Interview with Adam Scott Glancy of Pagan Publishing

Adam Scott Glancy is one of the co-authors of Delta Green and is the man behind Pagan Publishing. I talked to him over Skype about the newest Delta Green book, Targets of Opportunity, a collection of new DG antagonist groups and M-EPIC, a Canadian anti-mythos organization.  We also talk about the resurrection of The Unspeakable Oath, the legendary Call of Cthulhu magazine, a scenario about templar zombies and their mastery of the Dewey Decimal system and advice for running Call of Cthulhu for new keepers. This is a long interview but well worth the listen.

  11 comments for “Interview with Adam Scott Glancy of Pagan Publishing

  1. July 4, 2010 at 9:40 pm

    Good interview. I loved the Zombie Templar story.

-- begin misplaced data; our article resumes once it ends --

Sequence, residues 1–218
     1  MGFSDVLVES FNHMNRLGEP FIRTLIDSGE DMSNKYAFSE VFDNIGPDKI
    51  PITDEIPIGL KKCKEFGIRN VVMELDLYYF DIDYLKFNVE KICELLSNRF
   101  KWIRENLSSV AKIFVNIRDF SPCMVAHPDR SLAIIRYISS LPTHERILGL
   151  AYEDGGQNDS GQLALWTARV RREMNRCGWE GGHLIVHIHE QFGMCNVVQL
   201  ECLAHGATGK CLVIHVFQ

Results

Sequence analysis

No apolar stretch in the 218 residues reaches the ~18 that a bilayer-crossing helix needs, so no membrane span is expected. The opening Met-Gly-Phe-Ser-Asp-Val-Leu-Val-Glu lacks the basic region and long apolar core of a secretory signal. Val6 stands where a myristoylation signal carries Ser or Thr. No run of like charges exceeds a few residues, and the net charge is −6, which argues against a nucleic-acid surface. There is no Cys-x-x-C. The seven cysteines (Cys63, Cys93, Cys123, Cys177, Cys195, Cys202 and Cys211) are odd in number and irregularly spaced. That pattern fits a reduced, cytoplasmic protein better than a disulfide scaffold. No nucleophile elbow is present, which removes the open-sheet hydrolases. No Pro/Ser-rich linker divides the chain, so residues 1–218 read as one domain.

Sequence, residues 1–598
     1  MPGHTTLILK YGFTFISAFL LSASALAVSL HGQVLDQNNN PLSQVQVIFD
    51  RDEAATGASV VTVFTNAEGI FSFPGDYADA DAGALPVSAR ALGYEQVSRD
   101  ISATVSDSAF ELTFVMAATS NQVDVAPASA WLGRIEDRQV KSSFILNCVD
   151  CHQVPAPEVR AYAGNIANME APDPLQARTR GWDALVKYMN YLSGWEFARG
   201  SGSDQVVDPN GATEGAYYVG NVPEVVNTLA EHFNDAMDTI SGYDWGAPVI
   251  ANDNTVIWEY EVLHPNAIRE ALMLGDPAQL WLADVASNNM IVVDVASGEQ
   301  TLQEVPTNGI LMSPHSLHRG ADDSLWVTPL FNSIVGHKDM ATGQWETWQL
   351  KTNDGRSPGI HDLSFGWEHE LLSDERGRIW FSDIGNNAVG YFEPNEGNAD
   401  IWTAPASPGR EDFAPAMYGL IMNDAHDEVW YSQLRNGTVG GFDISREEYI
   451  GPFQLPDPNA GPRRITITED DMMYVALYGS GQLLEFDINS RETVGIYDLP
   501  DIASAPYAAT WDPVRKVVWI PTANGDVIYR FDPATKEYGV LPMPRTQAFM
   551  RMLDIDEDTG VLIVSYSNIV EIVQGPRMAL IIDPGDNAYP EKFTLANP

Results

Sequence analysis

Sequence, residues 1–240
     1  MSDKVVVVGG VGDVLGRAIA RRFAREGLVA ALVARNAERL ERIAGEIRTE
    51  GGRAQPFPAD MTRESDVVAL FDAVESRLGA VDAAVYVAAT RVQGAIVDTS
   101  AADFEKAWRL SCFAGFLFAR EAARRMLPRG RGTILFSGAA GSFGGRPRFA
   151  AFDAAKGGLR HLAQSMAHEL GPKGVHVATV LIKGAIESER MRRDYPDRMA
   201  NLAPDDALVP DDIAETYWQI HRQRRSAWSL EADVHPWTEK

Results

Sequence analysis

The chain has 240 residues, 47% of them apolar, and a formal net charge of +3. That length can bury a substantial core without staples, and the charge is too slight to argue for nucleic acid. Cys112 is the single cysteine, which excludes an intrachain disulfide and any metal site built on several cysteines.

2. iceemaker
    July 5, 2010 at 12:11 pm

    Fun interview, really sparked my imagination. It’s also great to hear from a mind behind the games we love.

    Mr. Glancy’s comparison of Delta Green and MAJESTIC-12 really struck home for me: Delta Green as the “heroic, war-winning” America; MAJESTIC-12 as the “military-industrial complex superpower” America.

    Another particularly cool metaphor was the Cult of Transcendance as the Cthulhu Mythos itself: really huge and destructive, with no real guidance behind it. Not only that, but ascending through the cult leads to the most dubious prize imaginable. A great way to summarize the impersonal universe presented in Call of Cthulhu.